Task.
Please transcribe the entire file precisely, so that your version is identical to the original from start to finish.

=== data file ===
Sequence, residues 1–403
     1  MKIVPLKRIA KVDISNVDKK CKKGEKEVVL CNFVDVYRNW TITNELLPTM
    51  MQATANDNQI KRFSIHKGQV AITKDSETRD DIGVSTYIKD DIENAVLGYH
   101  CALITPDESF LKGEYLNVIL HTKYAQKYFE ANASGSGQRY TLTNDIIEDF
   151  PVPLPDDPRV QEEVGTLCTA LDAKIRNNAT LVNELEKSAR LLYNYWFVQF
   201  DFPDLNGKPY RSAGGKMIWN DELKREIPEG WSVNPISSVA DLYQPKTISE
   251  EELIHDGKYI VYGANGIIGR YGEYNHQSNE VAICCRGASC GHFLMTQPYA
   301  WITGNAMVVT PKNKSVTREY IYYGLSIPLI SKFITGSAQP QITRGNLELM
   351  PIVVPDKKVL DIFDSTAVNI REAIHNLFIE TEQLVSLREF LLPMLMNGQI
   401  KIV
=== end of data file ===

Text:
Sequence, residues 1–403
     1  MKIVPLKRIA KVDISNVDKK CKKGEKEVVL CNFVDVYRNW TITNELLPTM
    51  MQATANDNQI KRFSIHKGQV AITKDSETRD DIGVSTYIKD DIENAVLGYH
   101  CALITPDESF LKGEYLNVIL HTKYAQKYFE ANASGSGQRY TLTNDIIEDF
   151  PVPLPDDPRV QEEVGTLCTA LDAKIRNNAT LVNELEKSAR LLYNYWFVQF
   201  DFPDLNGKPY RSAGGKMIWN DELKREIPEG WSVNPISSVA DLYQPKTISE
   251  EELIHDGKYI VYGANGIIGR YGEYNHQSNE VAICCRGASC GHFLMTQPYA
   301  WITGNAMVVT PKNKSVTREY IYYGLSIPLI SKFITGSAQP QITRGNLELM
   351  PIVVPDKKVL DIFDSTAVNI REAIHNLFIE TEQLVSLREF LLPMLMNGQI
   401  KIV